The present-day Charterhouse School is located just outside the town of Godalming in Surrey and I have driven past it many a time on my way to or from the A3 and our son’s house. The school was originally established for the education of bright boys from poor families in the city. Looking at the school down in Surrey today I think it’s only for the very wealthy. But the original Charterhouse still stands in a quiet square away from the hustle and bustle of the City of London.
The Postal Museum at Mount Pleasant, WC1, opened to the public on 28 July last year (2017) with Mail Rail opening on 4 September. My sister and I spent a few days in London just after new year and near the top of our ‘must-do’ list was a visit to the museum and a ride on the train. As you might guess the museum is devoted to the story of the 500 years of the British postal service since Henry VIII tasked Sir Brian Tuke with establishing a national postal network to serve his Court.
The Obligatory Book that Accompanies the Show
Before visiting Melancolia at Somerset House (see previous post) I popped in the Courtauld Gallery. Again, I had been alerted to this show in a review in the Financial Times (Weekend, 21/22 October 2017): “Uniformed but Different: Soutine: The Russian-French painter’s portraits make an exceptional show”. I’d never heard of Soutine before but it looked and read to be something I would enjoy. I’d recently re-read Arnold Bennett’s “The Grand Babylon Hotel” (first published in 19o2) and the Soutine portraits are from a slightly later era. Although his are French and not characters from The Savoy Hotel in London. Near enough. [Here‘s a review of a 1950 show of Soutine’s work in the US and brief biography of Chaim Soutine (1893-1943)].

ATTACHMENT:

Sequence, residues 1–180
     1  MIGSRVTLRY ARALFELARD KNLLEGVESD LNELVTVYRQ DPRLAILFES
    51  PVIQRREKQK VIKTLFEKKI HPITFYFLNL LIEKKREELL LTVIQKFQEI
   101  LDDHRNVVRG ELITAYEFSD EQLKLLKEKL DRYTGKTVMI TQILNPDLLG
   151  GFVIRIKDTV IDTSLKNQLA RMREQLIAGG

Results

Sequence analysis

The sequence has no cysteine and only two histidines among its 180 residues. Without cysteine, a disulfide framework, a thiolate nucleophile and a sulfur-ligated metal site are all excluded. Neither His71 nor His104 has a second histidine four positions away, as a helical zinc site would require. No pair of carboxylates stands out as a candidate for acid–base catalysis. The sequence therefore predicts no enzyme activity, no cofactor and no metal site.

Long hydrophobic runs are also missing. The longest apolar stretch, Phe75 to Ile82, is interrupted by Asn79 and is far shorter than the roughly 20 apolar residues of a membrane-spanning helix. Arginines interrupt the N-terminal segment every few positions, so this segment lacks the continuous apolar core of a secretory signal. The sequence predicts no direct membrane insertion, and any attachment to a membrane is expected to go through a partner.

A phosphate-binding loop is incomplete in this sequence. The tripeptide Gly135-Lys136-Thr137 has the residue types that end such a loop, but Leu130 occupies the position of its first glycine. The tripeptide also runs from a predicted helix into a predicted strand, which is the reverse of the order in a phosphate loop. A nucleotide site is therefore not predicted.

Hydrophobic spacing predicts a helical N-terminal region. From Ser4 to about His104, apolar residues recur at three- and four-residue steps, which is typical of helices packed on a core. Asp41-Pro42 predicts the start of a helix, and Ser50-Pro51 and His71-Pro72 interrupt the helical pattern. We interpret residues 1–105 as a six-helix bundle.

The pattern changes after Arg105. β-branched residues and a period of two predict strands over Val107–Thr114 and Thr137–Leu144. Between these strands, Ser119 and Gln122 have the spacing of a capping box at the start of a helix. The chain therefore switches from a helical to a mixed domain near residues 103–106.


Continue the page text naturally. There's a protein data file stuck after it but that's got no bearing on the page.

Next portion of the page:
On a recent visit to London I had time enough before catching my train home to visit Somerset House. I’d earmarked three exhibitions – none of them big blockbusters – all in the same venue.
Time flies! It’s already over a week since I was in London and Surrey and at home we’ve been busy, busy, busy. And now it’s nearly time for me to reopen the pages of My Irish Times. This year I’m going Dutch for the first ten days and working my way from north to south.
Anyway, that’s for next week, in the meantime last Friday (13th) I was in London and on Saturday and Sunday in Surrey … and beyond.
The Geffrye in January this year
The first watery feature in London that I would think of is certainly the River Thames. And what better way to approach Greenwich than by boat leaving from Tower Pier.
A Corner of Princelet Street Dining Room
Last week I spent a few days in London sharing again the lovely Georgian Landmark in Spitalfields: 13 Princelet Street. Over years of visits to London my sister and I have enjoyed walks in selected areas or on particular themes; getting to know the places a little more intimately and enjoying the exercise too. Continue reading